Tantalus & Rhodia Set Stage to Leapfrog Rare Earth Projects.

This morning Tantalus Rare Earths AG (FRA: TAE) announced that it has signed a Letter of Intent (LOI) with Rhodia to advance its lateritic clay deposit in Northwestern Madagascar. Rhodia is a company with expertise and technical knowledge of rare earth processing that is part of the Solvay Group (FRA: SOV), an international chemical company. This news comes amid the race to production the rare earth industry is currently experiencing coupled with an ever-increasing focus on vertical integration. In essence this announcement comes as the complete opposite of what we have been seeing — while Molycorp, Lynas and Great Western Minerals have adopted vertically integrated rare earth processing strategies, Tantalus Rare Earths is strategically selling its ore to Rhodia in an exclusive agreement.

David Rigoll, CEO of Tantalus Rare Earths reiterated that he is delighted to be competing on even terms with China with Tantalus Rare Earths’ ionic clay deposit and that the exclusive partnership with Rhodia is a very significant development for the advancement of the project in Madagascar at 15,000 tonnes per year.

As for where processing will occur; Rhodia has a rare earth processing facility in La Rochelle, France, however given the significant offtake agreement of 15,000 tonnes per year, Rhodia could look to build a rare earth processing facility in Madagascar. While the benefits that Tantalus Rare Earths will reap by partnering with an experienced rare earth industry player like Rhodia are clear and Rhodia’s involvement sends strong validation for the project, this agreement is also strategic for Rhodia.

Why Rhodia also benefits? Rhodia is one of the largest consumers of up-stream rare earth products globally and has been actively looking to diversify its supply chain and bring its industry expertise elsewhere amid China’s efforts to consolidate its rare earth sector companies. The exclusive agreement guarantees Rhodia access to a feed source of rare earths from a deposit located outside of China. Further, having access to a feed source outside of China makes sense especially amid tightening export quotas. Rhodia has operated rare earth separation facilities in China and industrial manufacturing facilities inside and outside of China for the past two decades. In the event that Rhodia gets pushed out of China it will still have access to a rare earth supply source and processing capabilities.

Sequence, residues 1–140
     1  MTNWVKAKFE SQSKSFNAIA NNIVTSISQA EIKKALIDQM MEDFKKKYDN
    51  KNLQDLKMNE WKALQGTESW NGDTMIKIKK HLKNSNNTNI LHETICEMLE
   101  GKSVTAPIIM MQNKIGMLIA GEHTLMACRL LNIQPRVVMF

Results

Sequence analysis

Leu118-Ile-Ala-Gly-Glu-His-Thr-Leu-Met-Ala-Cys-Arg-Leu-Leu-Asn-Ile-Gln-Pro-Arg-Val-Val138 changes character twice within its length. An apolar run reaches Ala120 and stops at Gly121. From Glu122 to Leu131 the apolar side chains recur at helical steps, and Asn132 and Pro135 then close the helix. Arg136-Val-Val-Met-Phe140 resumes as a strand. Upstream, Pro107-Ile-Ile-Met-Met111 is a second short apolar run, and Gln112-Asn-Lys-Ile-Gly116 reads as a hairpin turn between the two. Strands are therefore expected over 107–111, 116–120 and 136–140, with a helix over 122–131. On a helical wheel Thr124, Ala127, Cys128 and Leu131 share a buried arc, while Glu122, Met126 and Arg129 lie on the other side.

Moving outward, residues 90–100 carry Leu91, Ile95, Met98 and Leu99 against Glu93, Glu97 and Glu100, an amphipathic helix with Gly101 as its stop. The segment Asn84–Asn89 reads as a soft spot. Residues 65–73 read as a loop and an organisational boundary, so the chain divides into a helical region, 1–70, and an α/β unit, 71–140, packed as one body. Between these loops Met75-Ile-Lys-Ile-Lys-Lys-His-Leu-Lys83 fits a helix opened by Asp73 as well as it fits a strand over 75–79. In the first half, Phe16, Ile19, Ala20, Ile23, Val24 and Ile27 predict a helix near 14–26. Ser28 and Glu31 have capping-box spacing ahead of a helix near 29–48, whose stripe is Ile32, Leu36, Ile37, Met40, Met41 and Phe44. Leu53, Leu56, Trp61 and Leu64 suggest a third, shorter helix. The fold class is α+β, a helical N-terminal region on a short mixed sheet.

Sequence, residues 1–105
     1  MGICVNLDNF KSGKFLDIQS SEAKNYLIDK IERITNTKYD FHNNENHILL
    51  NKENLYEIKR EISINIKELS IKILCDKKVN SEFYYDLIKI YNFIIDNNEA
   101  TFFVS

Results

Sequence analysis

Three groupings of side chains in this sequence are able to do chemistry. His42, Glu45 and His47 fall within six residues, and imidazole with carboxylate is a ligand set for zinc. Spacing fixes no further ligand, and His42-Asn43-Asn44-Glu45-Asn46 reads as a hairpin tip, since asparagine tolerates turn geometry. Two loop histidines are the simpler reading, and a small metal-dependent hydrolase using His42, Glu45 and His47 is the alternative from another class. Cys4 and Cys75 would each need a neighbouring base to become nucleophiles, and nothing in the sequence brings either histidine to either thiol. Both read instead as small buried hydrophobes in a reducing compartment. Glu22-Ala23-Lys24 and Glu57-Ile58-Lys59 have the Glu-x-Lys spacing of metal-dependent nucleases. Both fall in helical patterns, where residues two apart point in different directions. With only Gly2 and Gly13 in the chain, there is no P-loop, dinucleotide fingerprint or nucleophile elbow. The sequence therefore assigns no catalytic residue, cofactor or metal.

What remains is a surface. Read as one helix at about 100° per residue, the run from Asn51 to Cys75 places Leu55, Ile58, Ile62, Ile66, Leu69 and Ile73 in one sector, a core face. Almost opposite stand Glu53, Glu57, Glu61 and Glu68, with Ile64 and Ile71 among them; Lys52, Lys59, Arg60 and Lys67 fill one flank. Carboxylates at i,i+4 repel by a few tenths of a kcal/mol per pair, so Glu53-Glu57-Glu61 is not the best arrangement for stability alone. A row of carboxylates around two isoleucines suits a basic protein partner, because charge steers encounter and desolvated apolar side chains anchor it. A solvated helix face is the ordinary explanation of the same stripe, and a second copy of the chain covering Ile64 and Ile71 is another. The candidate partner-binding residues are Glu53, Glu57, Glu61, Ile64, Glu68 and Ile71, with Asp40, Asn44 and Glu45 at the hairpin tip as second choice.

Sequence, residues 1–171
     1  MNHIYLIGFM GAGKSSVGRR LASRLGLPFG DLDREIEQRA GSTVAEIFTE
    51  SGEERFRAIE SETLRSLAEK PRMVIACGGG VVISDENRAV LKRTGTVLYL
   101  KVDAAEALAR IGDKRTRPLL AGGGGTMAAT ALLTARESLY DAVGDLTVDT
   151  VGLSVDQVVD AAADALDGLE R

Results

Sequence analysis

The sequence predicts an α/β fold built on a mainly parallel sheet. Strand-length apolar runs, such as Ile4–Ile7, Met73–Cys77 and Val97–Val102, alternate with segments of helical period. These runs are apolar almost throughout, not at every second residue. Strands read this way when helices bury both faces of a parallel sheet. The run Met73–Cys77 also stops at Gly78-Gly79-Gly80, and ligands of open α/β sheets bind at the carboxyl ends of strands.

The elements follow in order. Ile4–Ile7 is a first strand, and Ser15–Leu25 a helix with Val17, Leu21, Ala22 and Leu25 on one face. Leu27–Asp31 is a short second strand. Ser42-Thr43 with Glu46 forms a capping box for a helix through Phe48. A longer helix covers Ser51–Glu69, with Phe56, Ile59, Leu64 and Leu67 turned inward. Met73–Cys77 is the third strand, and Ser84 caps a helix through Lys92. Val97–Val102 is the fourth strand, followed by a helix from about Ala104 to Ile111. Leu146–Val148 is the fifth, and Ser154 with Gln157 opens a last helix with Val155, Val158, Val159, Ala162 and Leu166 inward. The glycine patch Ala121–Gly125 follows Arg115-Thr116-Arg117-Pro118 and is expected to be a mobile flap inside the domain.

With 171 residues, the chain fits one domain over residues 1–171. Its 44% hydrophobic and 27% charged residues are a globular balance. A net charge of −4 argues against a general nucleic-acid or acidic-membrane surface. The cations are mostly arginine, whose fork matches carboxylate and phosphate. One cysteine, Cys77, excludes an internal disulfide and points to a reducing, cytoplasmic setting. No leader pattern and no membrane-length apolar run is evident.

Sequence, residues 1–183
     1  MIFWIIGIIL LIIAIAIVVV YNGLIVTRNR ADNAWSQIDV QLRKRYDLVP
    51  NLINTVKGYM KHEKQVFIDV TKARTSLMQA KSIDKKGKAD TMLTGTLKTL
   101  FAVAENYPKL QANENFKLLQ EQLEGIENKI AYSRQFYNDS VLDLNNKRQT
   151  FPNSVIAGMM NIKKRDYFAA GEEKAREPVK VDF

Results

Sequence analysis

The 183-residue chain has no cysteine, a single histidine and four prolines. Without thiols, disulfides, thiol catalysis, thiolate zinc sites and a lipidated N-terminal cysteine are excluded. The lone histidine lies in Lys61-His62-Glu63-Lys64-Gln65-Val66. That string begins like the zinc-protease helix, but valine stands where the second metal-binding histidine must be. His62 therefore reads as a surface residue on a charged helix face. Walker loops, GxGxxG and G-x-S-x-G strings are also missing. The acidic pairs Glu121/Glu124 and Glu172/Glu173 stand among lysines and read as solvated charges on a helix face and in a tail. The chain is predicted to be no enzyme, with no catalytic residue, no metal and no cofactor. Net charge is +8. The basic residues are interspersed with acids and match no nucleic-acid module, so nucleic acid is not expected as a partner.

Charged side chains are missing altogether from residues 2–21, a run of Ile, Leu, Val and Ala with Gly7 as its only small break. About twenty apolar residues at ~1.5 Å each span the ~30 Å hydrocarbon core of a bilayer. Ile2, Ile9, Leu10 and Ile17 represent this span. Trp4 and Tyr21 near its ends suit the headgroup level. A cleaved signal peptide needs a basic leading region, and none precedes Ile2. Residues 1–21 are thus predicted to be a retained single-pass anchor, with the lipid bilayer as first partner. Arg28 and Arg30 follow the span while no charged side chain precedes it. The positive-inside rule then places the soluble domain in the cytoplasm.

We understand the Chinese ionic clay deposits to be about 90 square kilometers. To put Tantalus Rare Earths’ deposit into perspective, estimates indicate that their deposit ranges between 150-170 square kilometers.

Here are some more highlights of Tantalus Rare Earths’ heavy rare earth deposit in Madagascar:

  • Tantalus is amongst the handful of rare earth companies in possession of an ionic clay-like deposit. Testing that has been completed to date indicates rare earth bearing lateritic clays at the Tantalus project bear close similarities with Chinese ionic clays.
  • Typical hard rock deposits that require crushing, grinding, and complex processing techniques whereas ionic clays can be easily processed into rare earth concentrate using simple leaching methods and therefore have the benefit of greatly reduced production costs.
  •  Having a simple metallurgy will allow Tantalus Rare Earths to ultimately leapfrog other rare earth mining ventures still in the process of developing complex processing techniques for hard rock deposits.
  •  The deposit does not contain dangerous radioactive by-products and therefore the issue of disposing of radioactive waste is minimized significantly.
  •  The project is rich in heavy rare earth elements (HREEs), with roughly 20% of total rare earth oxides (TREO) consisting of heavy rare earth oxides. The TREO grade of the ore is roughly 0.8% though when coupled with the low production costs this low grade becomes an insignificant issue. 
  • Though not yet verified, current estimates put the TREO content of the project at as much as 1.5 million tonnes and with an annual production capacity of roughly 15,000 tonnes per year, a mine life of nearly 100 years can be anticipated.

* Prices taken from Google Finance at 12:55pm EST 2012-04-23. 

Disclaimer: Tantalus Rare Earths AG is a sponsor of RareMetalBlog.